August 15, 2017
Cows conceived under cooler temperature produces more milk
A new study conducted by US researchers has found that heat stress undergone by conceiving cows have lifelong effects on their offspring, which have to do with the latter's milk production and quality.
The study, titled "Season of conception is associated with future survival, fertility, and milk yield of Holstein cows" and published in the August 2017 issue of the Journal of Dairy Science, studies the effects of heat stress on calves conceived during summer.
Pablo J. Pinedo, of the Colorado State University, and Albert De Vries, of the University of Florida, examined data from more than 152 herds of dairy cattle in Florida, where cows experience hot summers and mild winters. They assessed seasonal effects on pregnancy by examining more than 667,000 records from Holstein cows calving in Florida between 2000 and 2012.
Using environmental data from the US National Oceanic and Atmospheric Administration, the researchers estimated the resulting heat stress on each of the 152 herds by comparing milk yield during summer and winter months to identify which herds were most likely to suffer from heat stress during the summer.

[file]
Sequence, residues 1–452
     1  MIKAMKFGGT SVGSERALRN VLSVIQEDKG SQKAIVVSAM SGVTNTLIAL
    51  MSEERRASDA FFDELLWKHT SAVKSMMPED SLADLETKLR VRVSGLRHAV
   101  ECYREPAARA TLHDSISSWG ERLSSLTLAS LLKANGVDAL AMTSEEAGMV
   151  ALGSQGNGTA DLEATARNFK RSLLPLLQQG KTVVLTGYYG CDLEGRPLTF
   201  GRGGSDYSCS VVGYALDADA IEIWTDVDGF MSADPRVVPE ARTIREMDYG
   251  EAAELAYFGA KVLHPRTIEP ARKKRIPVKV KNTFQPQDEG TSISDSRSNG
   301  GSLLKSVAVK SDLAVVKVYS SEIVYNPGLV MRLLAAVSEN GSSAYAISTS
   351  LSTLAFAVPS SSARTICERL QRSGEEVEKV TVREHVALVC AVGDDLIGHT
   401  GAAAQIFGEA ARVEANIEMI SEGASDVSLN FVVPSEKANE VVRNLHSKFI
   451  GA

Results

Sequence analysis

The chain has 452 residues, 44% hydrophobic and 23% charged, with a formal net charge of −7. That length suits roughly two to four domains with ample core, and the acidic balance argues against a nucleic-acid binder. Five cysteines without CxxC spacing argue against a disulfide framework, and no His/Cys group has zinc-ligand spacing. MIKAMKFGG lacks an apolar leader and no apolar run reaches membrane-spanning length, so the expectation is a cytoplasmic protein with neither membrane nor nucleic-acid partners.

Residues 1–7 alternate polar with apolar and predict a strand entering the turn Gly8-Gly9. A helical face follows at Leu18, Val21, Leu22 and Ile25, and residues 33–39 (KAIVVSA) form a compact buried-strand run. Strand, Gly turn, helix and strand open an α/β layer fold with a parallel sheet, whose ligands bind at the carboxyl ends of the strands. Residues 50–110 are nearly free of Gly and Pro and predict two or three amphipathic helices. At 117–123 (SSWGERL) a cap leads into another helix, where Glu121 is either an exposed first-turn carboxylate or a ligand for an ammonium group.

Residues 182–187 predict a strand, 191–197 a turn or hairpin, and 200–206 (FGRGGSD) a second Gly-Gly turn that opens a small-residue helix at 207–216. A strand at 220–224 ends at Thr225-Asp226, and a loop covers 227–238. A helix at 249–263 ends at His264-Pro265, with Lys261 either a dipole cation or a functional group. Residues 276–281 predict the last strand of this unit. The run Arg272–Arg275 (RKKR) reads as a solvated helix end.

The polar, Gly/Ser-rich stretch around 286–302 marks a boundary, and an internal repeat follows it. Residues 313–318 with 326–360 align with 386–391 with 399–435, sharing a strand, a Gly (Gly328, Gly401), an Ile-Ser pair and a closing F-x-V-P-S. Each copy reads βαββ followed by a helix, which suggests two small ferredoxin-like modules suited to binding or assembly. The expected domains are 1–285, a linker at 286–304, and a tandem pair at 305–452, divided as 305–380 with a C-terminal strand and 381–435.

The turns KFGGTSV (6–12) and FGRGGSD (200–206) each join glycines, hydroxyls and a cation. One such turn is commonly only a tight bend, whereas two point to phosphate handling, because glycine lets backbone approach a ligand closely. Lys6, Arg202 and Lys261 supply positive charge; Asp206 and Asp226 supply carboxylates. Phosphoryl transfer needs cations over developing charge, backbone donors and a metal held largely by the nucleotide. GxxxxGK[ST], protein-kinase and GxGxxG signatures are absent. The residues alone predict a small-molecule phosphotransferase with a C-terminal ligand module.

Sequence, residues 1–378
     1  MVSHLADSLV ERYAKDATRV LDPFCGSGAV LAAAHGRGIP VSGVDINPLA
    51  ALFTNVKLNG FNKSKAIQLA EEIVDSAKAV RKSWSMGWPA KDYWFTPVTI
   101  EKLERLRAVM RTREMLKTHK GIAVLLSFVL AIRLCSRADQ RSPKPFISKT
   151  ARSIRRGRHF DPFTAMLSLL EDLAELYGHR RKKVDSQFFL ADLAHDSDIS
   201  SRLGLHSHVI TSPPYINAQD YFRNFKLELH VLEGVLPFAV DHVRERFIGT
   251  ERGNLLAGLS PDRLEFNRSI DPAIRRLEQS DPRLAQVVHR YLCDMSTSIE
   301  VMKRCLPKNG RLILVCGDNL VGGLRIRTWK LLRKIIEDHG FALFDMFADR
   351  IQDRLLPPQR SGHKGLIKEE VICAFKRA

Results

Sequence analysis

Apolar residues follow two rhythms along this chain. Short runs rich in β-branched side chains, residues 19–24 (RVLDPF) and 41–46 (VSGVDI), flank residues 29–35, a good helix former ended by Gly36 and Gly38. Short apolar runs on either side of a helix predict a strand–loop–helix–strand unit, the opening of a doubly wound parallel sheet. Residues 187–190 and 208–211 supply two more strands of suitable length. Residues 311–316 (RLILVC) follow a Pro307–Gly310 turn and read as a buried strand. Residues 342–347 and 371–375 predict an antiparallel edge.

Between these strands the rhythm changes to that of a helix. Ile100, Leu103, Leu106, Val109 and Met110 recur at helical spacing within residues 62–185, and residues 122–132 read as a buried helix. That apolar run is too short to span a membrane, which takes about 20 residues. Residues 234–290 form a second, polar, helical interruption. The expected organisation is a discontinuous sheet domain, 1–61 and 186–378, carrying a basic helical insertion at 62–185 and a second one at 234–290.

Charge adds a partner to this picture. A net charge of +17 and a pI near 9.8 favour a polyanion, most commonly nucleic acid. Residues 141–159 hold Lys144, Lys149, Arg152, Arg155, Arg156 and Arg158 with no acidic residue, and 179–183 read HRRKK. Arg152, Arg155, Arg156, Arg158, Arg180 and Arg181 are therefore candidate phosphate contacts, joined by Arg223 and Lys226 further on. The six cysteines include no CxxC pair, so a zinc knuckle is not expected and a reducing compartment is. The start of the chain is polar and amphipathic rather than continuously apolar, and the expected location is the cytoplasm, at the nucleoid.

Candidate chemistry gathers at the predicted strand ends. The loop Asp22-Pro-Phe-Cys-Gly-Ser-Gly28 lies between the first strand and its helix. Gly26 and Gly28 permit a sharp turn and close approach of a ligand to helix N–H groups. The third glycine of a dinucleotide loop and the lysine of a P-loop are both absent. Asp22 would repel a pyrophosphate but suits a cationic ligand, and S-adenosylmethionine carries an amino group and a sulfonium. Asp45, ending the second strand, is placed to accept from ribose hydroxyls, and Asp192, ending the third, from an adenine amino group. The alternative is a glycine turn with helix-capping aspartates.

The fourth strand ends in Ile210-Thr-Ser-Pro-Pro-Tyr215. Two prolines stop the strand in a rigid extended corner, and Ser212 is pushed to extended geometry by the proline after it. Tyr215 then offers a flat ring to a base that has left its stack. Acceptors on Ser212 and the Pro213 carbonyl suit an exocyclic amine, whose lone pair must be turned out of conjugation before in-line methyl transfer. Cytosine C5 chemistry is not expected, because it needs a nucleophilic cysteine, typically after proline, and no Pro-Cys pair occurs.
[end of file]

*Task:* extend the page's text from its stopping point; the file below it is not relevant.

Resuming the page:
The researchers found that milk production was greater for cows born to a mother that conceived in the winter compared with cows born to a mother that conceived in the summer. Moreover, their milk yielded greater milk fat and protein.
It was also found that the odds of survival to a second calving were 1.15 to 1.21 times greater for cows arising from a winter-time conception than a summer-time conception.
"Our results showed that cows that arose from a pregnancy conceived in winter had, on average, better survival, better reproduction, and greater milk production than cows arising from a summertime pregnancy," lead author Pinedo said. "These effects were more pronounced among first-parity cows compared with older cows."
The authors noted that although previous studies reported the effects of heat stress during late pregnancy, results from their study suggested that heat stress at the time of conception may permanently programme the genetics of the adult animal by affecting epigenetic processes within the early embryo.